Apart from the stock obtained from brokers, a certain number of articles are bought from the poor themselves. But it is curious to note all the circumspection that must be displayed in this phase of the trade. The proverbial pride of the poor has to be conciliated with elaborate care. In this respect the pawnbroker has a decided advantage. A small parcel can be taken in and out of his pledge shop without necessarily attracting the notice of the neighbours; but a chair, a table, a large, heavy article of furniture, cannot be so easily removed. It is, therefore, only as a last resort that the furniture is sold; and even then the dealer is told to observe innumerable precautions. He must come and fetch the things away himself, and that only after dark. He receives special injunctions not to make any noise on the stairs, and if he should be so unfortunate as to meet any other tenant of the house, he must pretend that he is only taking the things away to be repaired, re-varnished, or otherwise improved. Unfortunately, these artifices are not often rewarded by success. When a poor man begins to sell his household furniture he is not far from the last steps in the downward direction. He may disguise his misery at first, but it soon becomes apparent to all, and the furniture dealers have but little faith in the utility of the precautions they are so often required to practise. As a rule, second-hand furniture men take a hard and uncharitable view of mankind. They are accustomed to scenes of misery, and the drunkenness and vice that has led up to the seizure of the furniture that becomes their stock. Then they have also to be thoroughly acquainted with the various forms of swindling practised in auction rooms; while, on the other hand, the customers who buy from them are not often very creditable people. The surroundings of the trade are, therefore, calculated to engender suspicion, harshness, and perhaps dishonesty. In all cases there is a tendency to sacrifice principles for the sake of securing a good bargain. At the same time, it is only fair to add that these shops afford facilities to persons whose means are very restricted, and enable them to furnish a home and thus obtain an established position. The furniture sold by the "tally-man" is far dearer, and often not so good, though advertised as new. A good second-hand article is generally preferable to the new shoddy ware sold at a higher price, and hence the popularity enjoyed by furniture dealers whose shops may be found in our back streets. A.S.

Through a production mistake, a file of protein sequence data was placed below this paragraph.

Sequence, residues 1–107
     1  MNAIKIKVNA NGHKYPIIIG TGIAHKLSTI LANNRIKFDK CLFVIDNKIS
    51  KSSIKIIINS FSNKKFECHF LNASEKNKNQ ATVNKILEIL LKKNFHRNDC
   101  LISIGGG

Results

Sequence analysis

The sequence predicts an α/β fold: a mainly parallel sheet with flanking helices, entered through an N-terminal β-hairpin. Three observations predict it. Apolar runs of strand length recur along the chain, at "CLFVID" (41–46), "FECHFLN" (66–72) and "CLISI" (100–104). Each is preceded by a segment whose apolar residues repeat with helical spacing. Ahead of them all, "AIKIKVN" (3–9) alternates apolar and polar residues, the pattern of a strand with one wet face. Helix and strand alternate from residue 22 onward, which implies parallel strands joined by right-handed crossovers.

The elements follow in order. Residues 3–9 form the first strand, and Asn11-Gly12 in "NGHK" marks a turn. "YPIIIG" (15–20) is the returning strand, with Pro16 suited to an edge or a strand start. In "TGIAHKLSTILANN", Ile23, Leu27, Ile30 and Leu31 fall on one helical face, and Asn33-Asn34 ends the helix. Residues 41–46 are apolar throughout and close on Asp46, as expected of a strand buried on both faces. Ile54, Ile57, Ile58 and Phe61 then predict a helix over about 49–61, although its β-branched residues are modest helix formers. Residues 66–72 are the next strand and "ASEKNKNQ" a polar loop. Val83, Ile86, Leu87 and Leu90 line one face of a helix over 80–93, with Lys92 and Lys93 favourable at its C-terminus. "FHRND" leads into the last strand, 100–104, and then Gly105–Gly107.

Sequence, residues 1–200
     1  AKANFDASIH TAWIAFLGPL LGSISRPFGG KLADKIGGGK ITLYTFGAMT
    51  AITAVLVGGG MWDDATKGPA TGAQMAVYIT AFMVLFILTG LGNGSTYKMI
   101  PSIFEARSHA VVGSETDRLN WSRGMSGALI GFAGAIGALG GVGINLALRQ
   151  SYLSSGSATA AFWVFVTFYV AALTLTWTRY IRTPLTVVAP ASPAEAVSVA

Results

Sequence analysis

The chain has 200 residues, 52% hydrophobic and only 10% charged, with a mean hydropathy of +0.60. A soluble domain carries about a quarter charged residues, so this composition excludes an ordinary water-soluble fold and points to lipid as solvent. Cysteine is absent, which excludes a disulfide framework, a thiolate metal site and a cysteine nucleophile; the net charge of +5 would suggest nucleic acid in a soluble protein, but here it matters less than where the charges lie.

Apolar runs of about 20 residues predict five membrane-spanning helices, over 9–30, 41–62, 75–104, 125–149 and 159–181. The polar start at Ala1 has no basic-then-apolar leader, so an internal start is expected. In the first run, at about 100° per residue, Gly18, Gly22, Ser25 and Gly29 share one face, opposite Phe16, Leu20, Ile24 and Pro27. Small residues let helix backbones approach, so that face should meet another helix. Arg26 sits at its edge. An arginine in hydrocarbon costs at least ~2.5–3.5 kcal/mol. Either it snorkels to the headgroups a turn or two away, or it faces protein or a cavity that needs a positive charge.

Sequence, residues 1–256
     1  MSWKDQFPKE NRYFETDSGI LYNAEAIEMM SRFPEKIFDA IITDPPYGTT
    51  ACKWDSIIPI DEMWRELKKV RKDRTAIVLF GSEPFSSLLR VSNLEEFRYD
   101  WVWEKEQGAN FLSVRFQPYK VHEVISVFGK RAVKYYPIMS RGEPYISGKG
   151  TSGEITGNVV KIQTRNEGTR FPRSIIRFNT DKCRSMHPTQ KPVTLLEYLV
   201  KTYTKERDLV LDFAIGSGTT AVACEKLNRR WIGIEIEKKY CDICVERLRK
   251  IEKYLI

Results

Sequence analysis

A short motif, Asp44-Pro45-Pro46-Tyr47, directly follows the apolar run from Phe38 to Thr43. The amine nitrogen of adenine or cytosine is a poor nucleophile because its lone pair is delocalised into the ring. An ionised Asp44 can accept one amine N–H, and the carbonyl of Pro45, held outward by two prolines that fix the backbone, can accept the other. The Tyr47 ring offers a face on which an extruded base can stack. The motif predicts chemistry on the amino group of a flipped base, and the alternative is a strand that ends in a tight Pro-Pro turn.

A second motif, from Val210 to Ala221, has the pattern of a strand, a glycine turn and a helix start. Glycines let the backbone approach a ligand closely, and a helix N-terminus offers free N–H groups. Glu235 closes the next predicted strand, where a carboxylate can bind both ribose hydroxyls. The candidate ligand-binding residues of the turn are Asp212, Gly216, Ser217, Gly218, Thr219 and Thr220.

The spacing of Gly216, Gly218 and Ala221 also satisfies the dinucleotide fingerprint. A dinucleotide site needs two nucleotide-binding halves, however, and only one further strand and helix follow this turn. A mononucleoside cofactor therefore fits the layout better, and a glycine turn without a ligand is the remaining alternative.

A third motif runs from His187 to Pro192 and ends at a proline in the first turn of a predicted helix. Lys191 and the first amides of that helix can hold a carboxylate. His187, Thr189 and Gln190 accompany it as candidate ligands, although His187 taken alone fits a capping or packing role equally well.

source: J.Thomson and Adolphe Smith, Street Life in London, 1877